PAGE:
—Substance abuse
—Behavior issues

My mind was absolutely drowning in information. I did more research on this topic and I armed myself with information. My kid didn’t hate math. I learned that when that sheet was set down in front of him with dozens of problems, he felt out of control and overwhelmed. This resulted in anger, tears, balling up his paper, and shutting down.

It took some time, but as I partnered with his teacher, we learned to recognize that he needed control in daily life in order to feel safe. We came up with methods to reduce the overwhelming feelings; and with time, we began to see him handle his work better and better.

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The problem with the “trauma informed classroom” is that most teachers (unless they are in special education) have never been introduced to this idea. This is not something that is included in teacher education courses in college, so the only way that they gain this knowledge is if they are lucky enough to have been in a professional development course about it or are in an environment where they have experienced it.

I hold a master’s degree in education, and it was completely foreign to me.

In a world where children are experiencing trauma more often, this issue has begun to circulate in educational psychology circles. However, the problem is that it largely stays there. I was thrilled when I discovered HR 7320, which was a bill introduced to Congress in 2018 to bring this issue to the forefront of education. However, it has largely stalled since its introduction four years ago.

As parents, what can you do if you think your child has experienced a trauma and you want them to have a successful school year?

1. Forgive yourself. Life is hard and does not always go according to plan. These experiences happen, but they don’t have to define you or your child. They can recover and go on to lead stable, normal lives!

2. Speak up! It is likely that your child’s teacher is unaware of the situation your child has experienced. Communicate this to their teacher. It may not show up in their classroom this year, but it is better to let them know what they are dealing with under the surface.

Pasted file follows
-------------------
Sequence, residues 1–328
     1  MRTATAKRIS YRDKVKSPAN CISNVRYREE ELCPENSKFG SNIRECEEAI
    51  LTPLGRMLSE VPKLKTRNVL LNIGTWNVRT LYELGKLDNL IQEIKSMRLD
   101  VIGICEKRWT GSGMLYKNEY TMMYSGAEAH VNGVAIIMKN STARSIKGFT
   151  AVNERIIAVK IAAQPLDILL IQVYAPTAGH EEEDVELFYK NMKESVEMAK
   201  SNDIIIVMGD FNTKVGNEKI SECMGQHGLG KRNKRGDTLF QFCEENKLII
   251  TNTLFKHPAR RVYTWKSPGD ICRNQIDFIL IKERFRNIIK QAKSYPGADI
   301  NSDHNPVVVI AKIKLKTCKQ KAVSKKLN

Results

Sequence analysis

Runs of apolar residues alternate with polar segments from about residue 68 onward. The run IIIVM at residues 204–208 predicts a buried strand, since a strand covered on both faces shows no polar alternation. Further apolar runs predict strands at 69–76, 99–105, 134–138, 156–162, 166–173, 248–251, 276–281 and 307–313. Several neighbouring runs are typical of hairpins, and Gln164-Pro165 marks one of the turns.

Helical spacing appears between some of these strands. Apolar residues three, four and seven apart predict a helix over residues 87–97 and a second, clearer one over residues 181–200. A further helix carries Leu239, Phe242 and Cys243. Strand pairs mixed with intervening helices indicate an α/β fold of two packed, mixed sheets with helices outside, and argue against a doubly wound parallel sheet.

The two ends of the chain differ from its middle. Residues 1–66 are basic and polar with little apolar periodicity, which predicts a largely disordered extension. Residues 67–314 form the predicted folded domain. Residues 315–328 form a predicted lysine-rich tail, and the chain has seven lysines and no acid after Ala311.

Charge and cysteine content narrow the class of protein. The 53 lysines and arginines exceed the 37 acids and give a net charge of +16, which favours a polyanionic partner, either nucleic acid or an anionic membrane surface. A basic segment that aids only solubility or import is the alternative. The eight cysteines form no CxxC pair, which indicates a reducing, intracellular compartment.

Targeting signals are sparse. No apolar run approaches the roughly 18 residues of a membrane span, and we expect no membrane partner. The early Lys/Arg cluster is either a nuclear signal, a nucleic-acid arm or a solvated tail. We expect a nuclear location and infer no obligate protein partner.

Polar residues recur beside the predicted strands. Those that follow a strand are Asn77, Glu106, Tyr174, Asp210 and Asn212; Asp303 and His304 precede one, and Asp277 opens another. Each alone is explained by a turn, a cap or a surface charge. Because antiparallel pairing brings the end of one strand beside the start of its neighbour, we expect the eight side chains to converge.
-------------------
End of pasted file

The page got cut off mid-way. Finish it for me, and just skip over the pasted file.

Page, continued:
3. Understand your child’s triggers. For my son, when he unexpectedly lost his dad, his whole world changed, and he lost all control. Everything that he had come to understand and expect was gone. Then, because of that death, we moved, I changed jobs, I went back to school, I dated, and I married. Even though he was happy as we rebuilt our lives, he still struggled with having the rug yanked out from under him that day. He struggled with feelings of safety. He still struggles when I go out of town. What if he loses me, too?

4. Talk to your child’s teacher. Share some articles (like this one or even this one) on childhood trauma so they can understand. Remember, many teachers are unaware of how to deal with these situations. They need your help!

Two years later, as my son was set to begin 4th grade, I asked for a meeting with my son’s teacher and principal. I had forwarded them several articles like those included above and asked them to read them before we met. Yes, as I spoke to them that day I broke down in tears over the burden and the struggles he has had to endure due to the trauma of losing his father.

I explained to them everything that I had learned and what I had been trying at home to alleviate these overwhelming feelings. I shared what worked, what didn’t, and what made it worse. It made all the difference in the world; he had perhaps the best school year he had ever had.

What happened to my family, and ultimately how it impacted my children, became my passion. I quit working on a second master’s degree and shifted gears and instead earned my Ed.S in Educational Psychology and have continued working towards a doctorate with a focus on trauma education for teachers. It is my hope that one day all teachers will have the tools that they need to help students affected by trauma.

But for now, mama, you are your child’s best advocate. Arm yourself with knowledge and talk to your child’s teacher. Equip them to give your kid their best chance at their best school year yet.